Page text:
BJJ / Grappling tips: How to Open the Closed Guard by Standing

From "Becoming the Supple Leopard"

While I've never been a Cross-fitter (besides stealing a couple of Workout-Of-the-Day off their website here and there), this paragraph out of Kelly Starrett's book "Becoming the Supple Leopard" really resonated with the martial artist and teacher in me.

Most judo or Jiujitsu sessions I attend, whether at EKBJJ HQ, New School BJJ, Tokei Martial Arts or the Budokwai (or any other academy I happen to visit) will easily exceed 25 attendees. Most of these academies hold 10-14 such sessions each week and are open an average of 48-50 weeks a year. This alone means that each year, each one of these academies / dojo / gyms will facilitate 12,000-17,500 athlete training sessions. Each year!

So if an academy has been in business for say 10 years, that translates to 120,000-175,000 athlete training sessions.

If an instructor does not dedicate themselves to learning and fine tuning the art and craft of teaching then they are, in my opinion, committing a crime.

Teaching is a very difficult skill and while skilled and experienced teachers make it look easy, it never is. From curriculum design to long- and short term planning to pace of delivery to continuous and formative assessment of learning to differentiation of tasks to scaffolding of material vs extension of the higher abilities. Teaching is difficult and the repercussions of bad teaching, especially of a physical skill or a movement pattern, are grave and far reaching.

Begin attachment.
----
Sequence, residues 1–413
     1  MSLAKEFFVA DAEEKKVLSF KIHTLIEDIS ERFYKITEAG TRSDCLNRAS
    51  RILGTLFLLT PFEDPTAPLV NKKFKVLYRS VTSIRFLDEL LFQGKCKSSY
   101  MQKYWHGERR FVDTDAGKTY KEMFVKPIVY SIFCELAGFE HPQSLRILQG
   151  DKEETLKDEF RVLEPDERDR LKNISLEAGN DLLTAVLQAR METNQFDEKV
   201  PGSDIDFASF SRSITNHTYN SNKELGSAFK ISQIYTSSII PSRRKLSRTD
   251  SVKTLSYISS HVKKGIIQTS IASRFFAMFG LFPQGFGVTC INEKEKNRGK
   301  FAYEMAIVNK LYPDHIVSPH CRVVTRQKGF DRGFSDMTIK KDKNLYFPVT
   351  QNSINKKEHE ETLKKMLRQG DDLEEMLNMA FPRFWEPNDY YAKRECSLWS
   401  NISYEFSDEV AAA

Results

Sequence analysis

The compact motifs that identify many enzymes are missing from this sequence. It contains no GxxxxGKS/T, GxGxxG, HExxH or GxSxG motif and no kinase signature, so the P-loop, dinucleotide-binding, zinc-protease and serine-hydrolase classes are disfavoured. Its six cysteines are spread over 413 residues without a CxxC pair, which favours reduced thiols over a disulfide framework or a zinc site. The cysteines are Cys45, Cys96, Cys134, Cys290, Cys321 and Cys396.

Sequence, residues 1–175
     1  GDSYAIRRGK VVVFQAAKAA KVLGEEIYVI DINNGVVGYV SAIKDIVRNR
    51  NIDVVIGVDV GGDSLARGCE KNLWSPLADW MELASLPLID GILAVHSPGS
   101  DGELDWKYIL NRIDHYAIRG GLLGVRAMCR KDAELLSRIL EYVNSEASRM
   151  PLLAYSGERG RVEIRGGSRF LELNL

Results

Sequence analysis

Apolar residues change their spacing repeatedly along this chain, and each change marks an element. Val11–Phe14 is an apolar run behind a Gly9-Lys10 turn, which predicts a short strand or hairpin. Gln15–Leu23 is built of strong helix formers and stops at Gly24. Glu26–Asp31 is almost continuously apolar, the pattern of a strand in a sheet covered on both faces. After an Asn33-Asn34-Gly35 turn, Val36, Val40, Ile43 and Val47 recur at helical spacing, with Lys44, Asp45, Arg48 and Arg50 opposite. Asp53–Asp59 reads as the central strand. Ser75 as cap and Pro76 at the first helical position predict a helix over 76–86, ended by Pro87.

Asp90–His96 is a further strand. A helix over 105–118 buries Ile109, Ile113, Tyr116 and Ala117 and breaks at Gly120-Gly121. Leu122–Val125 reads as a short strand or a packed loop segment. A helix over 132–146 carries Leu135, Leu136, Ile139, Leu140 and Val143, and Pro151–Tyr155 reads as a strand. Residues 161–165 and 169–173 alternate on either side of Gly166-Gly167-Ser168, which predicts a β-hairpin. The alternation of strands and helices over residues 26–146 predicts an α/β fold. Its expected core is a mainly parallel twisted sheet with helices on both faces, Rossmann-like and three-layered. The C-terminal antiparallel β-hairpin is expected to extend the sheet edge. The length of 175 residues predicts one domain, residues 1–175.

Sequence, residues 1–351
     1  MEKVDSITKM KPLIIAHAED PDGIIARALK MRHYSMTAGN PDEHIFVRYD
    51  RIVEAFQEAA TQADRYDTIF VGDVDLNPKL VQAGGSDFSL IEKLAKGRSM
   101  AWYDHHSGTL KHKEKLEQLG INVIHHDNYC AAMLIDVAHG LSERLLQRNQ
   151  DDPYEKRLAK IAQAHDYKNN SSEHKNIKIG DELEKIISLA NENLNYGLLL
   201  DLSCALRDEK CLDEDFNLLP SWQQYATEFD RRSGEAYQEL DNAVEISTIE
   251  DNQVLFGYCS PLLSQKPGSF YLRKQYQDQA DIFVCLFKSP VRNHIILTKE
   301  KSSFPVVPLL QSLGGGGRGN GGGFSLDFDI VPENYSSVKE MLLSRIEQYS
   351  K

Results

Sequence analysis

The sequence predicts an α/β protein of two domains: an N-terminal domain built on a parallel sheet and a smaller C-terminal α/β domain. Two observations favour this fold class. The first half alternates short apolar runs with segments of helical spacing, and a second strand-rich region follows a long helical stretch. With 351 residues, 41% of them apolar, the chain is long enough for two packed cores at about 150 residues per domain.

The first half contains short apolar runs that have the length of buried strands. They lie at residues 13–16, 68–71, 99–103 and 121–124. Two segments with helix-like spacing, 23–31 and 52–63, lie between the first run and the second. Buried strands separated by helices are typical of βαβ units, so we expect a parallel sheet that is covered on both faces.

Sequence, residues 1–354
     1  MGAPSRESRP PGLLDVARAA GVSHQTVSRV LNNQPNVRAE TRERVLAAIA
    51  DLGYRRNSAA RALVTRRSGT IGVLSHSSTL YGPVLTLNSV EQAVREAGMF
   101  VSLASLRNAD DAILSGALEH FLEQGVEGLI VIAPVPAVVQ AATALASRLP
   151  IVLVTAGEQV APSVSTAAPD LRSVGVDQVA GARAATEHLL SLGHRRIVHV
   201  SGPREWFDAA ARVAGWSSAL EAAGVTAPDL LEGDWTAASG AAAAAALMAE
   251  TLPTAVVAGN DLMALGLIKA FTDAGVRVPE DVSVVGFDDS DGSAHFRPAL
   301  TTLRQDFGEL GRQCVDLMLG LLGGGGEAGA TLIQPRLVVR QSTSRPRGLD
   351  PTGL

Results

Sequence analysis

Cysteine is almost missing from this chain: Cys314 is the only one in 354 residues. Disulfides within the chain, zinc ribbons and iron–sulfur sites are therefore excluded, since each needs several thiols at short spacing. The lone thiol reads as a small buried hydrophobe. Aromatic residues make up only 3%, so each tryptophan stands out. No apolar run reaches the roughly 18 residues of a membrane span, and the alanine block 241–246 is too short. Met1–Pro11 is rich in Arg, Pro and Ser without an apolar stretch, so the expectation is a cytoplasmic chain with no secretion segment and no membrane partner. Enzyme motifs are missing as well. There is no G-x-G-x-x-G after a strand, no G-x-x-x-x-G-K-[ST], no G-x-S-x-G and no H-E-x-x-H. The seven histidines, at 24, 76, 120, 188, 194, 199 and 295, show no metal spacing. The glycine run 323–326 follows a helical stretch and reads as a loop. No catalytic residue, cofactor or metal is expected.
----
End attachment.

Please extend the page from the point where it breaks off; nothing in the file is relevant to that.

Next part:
I am not exaggerating by saying that teaching someone a movement pattern (such as a double leg takedown or how to stand up in someone's closed guard) 95% correctly instead of insisting on 100% accuracy could result in knee surgery 3-5 years time, due to compounded minor injuries.

To demonstrate my point, here are three perspectives on how to open the closed guard by standing:

Professor Rolles Gracie:

Professor JT Torres:

Competition analysis of amongst others Roger Gracie's style of opening the closed guard by FixYourJiujitsu:

Teachers, take responsibility and be accountable for what you teach and how you teach it.



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